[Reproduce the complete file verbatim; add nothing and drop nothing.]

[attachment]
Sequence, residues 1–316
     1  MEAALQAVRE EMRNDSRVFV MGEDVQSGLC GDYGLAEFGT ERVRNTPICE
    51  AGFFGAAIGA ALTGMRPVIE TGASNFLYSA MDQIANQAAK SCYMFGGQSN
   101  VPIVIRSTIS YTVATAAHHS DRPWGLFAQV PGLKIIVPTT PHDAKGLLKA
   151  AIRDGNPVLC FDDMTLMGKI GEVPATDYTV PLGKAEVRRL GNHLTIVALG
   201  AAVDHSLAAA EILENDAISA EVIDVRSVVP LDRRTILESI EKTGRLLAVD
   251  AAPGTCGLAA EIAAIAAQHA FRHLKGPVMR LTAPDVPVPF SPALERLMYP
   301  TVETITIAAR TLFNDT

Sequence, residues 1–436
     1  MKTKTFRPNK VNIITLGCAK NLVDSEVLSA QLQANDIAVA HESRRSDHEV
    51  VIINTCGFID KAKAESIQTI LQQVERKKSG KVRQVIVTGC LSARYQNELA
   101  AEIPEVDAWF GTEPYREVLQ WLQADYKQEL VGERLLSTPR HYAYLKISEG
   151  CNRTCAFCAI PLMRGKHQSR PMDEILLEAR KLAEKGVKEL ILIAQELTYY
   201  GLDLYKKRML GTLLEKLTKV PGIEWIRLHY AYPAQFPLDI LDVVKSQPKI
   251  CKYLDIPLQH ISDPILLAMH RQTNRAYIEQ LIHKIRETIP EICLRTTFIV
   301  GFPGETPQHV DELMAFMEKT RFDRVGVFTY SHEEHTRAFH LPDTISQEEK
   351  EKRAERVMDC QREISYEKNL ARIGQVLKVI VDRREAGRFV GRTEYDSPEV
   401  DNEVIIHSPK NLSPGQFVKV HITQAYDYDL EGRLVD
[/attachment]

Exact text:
Sequence, residues 1–316
     1  MEAALQAVRE EMRNDSRVFV MGEDVQSGLC GDYGLAEFGT ERVRNTPICE
    51  AGFFGAAIGA ALTGMRPVIE TGASNFLYSA MDQIANQAAK SCYMFGGQSN
   101  VPIVIRSTIS YTVATAAHHS DRPWGLFAQV PGLKIIVPTT PHDAKGLLKA
   151  AIRDGNPVLC FDDMTLMGKI GEVPATDYTV PLGKAEVRRL GNHLTIVALG
   201  AAVDHSLAAA EILENDAISA EVIDVRSVVP LDRRTILESI EKTGRLLAVD
   251  AAPGTCGLAA EIAAIAAQHA FRHLKGPVMR LTAPDVPVPF SPALERLMYP
   301  TVETITIAAR TLFNDT

Sequence, residues 1–436
     1  MKTKTFRPNK VNIITLGCAK NLVDSEVLSA QLQANDIAVA HESRRSDHEV
    51  VIINTCGFID KAKAESIQTI LQQVERKKSG KVRQVIVTGC LSARYQNELA
   101  AEIPEVDAWF GTEPYREVLQ WLQADYKQEL VGERLLSTPR HYAYLKISEG
   151  CNRTCAFCAI PLMRGKHQSR PMDEILLEAR KLAEKGVKEL ILIAQELTYY
   201  GLDLYKKRML GTLLEKLTKV PGIEWIRLHY AYPAQFPLDI LDVVKSQPKI
   251  CKYLDIPLQH ISDPILLAMH RQTNRAYIEQ LIHKIRETIP EICLRTTFIV
   301  GFPGETPQHV DELMAFMEKT RFDRVGVFTY SHEEHTRAFH LPDTISQEEK
   351  EKRAERVMDC QREISYEKNL ARIGQVLKVI VDRREAGRFV GRTEYDSPEV
   401  DNEVIIHSPK NLSPGQFVKV HITQAYDYDL EGRLVD